Last week I outlined some mobility restrictions that are likely the culprit if you have pain or trouble with squat pattern. Hopefully you have tried those mobility exercises out, even if you think you are flexible. There is sometimes a lingering asymmetry here and there from past injuries and such.
So, you checked your mobility and you have the ideal mobility for a squat. What else could it be?
The “butt wink” is a pelvic reversal or loss of the lumbar curve at the bottom of the squat. A few things can cause this—bony architecture and tibia to femur ratios, lack of mobility usually in hip flexion or internal rotation, and/or poor motor control throughout the squat pattern. I will not get into the debate of the first possibility. Yes, we are all unique snowflakes, but let’s make sure our mobility and control are up to par before we blame our parents.
To be sure you are setting yourself up for success, check and see if your foot placement is ideal for your bony make-up and mobility. This is best done on your hands and knees with a partner watching and preferably filming. Make sure that your hands are below your shoulders. Rock forward and backwards the finally settle at the center—ask your partner to confirm that you are actually centered. From here, slowly push your hips back as if moving to child’s pose.
Watch your pelvis; when you notice that is starts to rock backwards, this is where your butt wink starts when you are standing with this foot distance. Now widen your knees out a few more inches and repeat. Did the pelvic reversal look the same, better or worse? If better, a wider stance in the squat would work better for you. If worse, stay narrow. If the pelvic position was the same, check in with how your hips felt during each of the two foot positions. Say in the wider squat you felt a bit of pinching, then stay narrow.
Top picture: no butt wink, so a good foot position.
Bottom picture: butt wink, so I will likely have a pelvic reversal with a squat to this depth or deeper.
Going a step further, you can move to your forearms to mimic the forward inclination of the torso during a squat. Perform the same steps. In the picture below, this is right before I start to have a pelvic reversal, so this is my target depth with loaded squats.
After finding the correct foot placement, stand up and try a few more squats. Is the butt wink still there? Yes: if you are in the correct foot position and have ideal mobility, keep reading!
Many of the athletes that I treat fall into these categories:
Very flexible and can squat with their booty to their ankles
Report feeling tightness in their hamstrings, even though they can bend forward and put their palms on the floor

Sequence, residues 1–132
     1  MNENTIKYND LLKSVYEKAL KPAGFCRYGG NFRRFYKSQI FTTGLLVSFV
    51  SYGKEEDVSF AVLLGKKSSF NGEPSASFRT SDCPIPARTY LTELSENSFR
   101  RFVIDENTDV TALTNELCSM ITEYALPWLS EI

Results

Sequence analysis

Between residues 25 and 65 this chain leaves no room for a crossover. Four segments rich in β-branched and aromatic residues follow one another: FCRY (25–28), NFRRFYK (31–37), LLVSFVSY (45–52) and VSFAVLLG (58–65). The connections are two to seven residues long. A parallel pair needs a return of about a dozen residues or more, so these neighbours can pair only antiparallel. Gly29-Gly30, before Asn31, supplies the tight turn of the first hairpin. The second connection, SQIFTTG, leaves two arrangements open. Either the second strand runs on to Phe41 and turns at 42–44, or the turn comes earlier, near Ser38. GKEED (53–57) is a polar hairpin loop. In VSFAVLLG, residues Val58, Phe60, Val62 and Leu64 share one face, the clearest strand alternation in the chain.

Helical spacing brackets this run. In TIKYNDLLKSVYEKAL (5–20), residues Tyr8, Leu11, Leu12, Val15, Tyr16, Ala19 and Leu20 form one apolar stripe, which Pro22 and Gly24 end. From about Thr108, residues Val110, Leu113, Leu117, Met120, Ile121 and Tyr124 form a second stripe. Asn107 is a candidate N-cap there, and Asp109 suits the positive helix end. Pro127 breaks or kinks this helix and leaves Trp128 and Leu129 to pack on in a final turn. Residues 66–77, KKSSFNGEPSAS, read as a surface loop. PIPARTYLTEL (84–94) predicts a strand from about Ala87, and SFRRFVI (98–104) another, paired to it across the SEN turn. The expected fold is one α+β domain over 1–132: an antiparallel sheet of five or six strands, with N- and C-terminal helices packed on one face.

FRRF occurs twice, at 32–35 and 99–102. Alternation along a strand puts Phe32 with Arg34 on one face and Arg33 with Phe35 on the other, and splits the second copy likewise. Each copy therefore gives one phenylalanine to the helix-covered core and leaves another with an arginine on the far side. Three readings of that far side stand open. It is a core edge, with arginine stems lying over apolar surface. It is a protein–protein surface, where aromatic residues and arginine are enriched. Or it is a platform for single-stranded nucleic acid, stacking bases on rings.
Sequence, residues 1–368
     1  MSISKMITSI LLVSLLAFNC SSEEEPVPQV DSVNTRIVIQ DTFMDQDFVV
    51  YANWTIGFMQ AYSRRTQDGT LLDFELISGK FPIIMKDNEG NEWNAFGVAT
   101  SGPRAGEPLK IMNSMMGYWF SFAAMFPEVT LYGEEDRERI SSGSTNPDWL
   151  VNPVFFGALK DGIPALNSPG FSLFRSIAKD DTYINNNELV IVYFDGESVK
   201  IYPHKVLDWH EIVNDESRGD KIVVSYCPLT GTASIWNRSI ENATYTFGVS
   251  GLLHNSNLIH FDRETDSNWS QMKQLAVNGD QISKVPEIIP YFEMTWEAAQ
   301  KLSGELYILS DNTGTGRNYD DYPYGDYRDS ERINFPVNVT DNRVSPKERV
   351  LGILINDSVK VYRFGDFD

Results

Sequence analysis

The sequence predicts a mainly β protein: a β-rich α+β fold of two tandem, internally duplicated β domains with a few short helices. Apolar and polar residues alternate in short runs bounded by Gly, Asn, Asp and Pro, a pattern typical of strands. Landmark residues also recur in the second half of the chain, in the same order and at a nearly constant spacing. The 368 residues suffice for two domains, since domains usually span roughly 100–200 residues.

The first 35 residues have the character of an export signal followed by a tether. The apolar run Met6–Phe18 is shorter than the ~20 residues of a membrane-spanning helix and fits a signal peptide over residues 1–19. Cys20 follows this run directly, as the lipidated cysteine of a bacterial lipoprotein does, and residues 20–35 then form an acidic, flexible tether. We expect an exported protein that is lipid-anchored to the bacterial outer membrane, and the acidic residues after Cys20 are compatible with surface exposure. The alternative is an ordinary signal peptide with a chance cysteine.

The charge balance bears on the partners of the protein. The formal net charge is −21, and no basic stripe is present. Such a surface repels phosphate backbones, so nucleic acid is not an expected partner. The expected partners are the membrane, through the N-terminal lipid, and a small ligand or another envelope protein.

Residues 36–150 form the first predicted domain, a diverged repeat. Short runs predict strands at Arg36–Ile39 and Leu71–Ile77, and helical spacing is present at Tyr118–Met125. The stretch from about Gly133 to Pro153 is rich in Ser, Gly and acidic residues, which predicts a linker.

Have back pain with squats that increases at the bottom of the squat, often one-sided but not always
Always sore in the quads after squats, rarely glutes or hammies
Does this sound like you? Here are two of my favorite exercises to start working on motor control of the lumbar spine, hip and pelvis under load as well as posterior chain strengthening.
The tempo goblet squat: This exercise forces anterior stabilization by adding a weight at the chest. The deep core must fire to offset the kettlebell. With a 3 second count lowering to the box, motor control of the lumbopelvic area is even more challenged. Additionally, squatting to a target allows the athlete to sit back more in the squat, engaging the glutes and hammies. This is often a new input for these athletes who are quad dominant. Check it out here: Goblet Box Squat
The banded bird dog: Practicing moving your extremities while under the load of a small band is important before you try to move big weight. The bird dog requires hip and midline control with movement, made a bit harder by adding a band. Again, having a partner for a form check or performing this by a mirror is ideal. Many people will have a movement fault and not even realize! The goal is to keep the back and torso in the neutral position throughout. As soon as your form falters, take a break. Check it out here: Banded Bird Dog
Add these exercises to your strength days and/or warm up a few times each week. Maintaining your core and pelvic control throughout the range of motion is the first step to easing back pain and improving your strength in the squat!
If you try to self-manage for a few weeks and still see no change, let us know. We would love to help you here at Athletes’ Potential!
Dr. Danny and Dr. Jackie's views on performance improvement, injury prevention and sometimes other random thoughts.